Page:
On Hitchens, the Suffering Atheist
“Christopher Hitchens is undergoing radiation treatment and wasn’t able to write this week’s column on his usual schedule,” explains Slate, an online magazine. “He hopes to file soon.” The date: March 23, 2011.
It’s easy to disagree with Hitchens on some issues while agreeing with him on others. Still, hope is an apolitical creature and I hope he survives his battle (or what must seem like a war).
His cancer, for sure, is the focus of international attention. But why? The Telegraph, March 28th article “Godless in Tumourville” was probably written earlier, but it’s insightful, for many reasons. As Mick Brown notes, “Hitchens has always been a ferociously prolific and fastidious journalist. It is his proud boast that he has never missed a deadline, and he clearly has no intention of starting now.”
It’s hard to ignore the elephant in the room, with a name too: “One physician who is taking an active interest in Hitchens’s treatment is Francis Collins, the former director of the National Human Genome Research Institute, which pioneered the treatment Hitchens is receiving. Collins is now the director of America’s National Institutes of Health” and an evangelical Christian.
They are close friends. So we have this supposedly strange situation of a born-again trying to save an evangelical atheist from an early death through science. But it’s a more common story than some journalists admit. You can easily lose count of all the famous Protestant/Catholic intellectuals and their great contributions to healthcare/medicine.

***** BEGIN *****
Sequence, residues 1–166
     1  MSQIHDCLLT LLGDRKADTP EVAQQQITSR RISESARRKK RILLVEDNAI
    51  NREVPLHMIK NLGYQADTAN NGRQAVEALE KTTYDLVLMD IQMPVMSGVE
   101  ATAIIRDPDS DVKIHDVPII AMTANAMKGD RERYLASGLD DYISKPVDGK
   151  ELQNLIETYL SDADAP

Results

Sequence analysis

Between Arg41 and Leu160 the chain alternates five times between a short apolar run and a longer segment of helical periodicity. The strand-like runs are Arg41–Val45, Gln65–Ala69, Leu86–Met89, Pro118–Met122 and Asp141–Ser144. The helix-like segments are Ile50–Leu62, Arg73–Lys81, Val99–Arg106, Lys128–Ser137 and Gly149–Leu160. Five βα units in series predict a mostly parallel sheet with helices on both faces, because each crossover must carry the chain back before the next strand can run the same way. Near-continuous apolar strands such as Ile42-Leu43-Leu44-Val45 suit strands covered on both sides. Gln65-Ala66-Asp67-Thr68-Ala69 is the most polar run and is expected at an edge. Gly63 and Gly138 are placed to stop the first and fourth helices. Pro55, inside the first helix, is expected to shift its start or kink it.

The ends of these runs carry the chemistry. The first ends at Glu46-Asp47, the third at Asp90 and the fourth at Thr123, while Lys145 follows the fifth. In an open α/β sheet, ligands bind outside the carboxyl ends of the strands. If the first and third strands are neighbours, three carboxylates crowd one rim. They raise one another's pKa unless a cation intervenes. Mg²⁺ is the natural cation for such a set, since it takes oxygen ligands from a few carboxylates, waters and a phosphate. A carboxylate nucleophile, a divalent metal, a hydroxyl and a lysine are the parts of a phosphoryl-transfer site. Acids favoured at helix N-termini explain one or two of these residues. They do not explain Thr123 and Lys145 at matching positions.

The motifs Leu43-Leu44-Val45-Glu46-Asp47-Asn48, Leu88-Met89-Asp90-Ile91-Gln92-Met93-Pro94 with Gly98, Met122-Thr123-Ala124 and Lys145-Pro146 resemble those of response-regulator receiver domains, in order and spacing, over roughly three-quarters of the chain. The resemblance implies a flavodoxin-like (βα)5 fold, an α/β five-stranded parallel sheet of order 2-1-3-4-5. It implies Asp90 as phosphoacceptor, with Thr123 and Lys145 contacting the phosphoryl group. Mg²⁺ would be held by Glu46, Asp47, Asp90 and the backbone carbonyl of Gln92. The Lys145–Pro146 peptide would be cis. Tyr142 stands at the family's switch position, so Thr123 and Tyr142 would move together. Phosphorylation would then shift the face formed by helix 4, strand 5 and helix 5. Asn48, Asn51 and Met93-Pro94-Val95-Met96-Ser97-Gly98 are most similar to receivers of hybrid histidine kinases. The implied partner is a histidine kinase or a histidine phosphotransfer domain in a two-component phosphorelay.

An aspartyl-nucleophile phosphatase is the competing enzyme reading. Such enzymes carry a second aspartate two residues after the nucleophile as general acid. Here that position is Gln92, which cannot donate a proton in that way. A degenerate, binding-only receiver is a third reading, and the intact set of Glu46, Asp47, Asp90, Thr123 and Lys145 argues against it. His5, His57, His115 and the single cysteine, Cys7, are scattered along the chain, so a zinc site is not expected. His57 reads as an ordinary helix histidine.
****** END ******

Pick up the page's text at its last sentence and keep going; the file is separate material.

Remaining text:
Another issue. I’m not an atheist or a churchgoing Christian, but I do believe in God and believe He believes in us. So then there’s the second elephant in the room: conversion politics. How does physical suffering consciously (or otherwise) influence our thoughts on death? And when is the “right” time to talk about the afterlife, if there is one?
Given that Hitchens has (a) made a career out of trashing religion, in a Christian-majority nation where he immigrated to (the United States of all places) and (b) is still talking faith down, the issue isn’t going away. Indeed, even without death in the background, it’s politically-incorrect for Christians to share their faith, but acceptable for militant atheists to evangelize 24/7.
In addition to attending a burial last week and watching Hitchens on 60 Minutes, my thoughts also turn to a Q & A I did with the atheist author S.E. Cupp last year. You see, we both agreed that it’s flattering when people try to convert us to their religious views. After all, why should we be threatened by intellectual challenges when conversion attempts are part of a free speech culture?
Hitchens strikes me as a knowledgeable person. But few people possess wisdom. I’ve never understood why some atheists use suffering to disprove God, but never see joy as proof of Him. It’s a circular ideology that makes little sense, especially with Christ’s promise of eternal life.
Are we surprised that so many atheists pray though?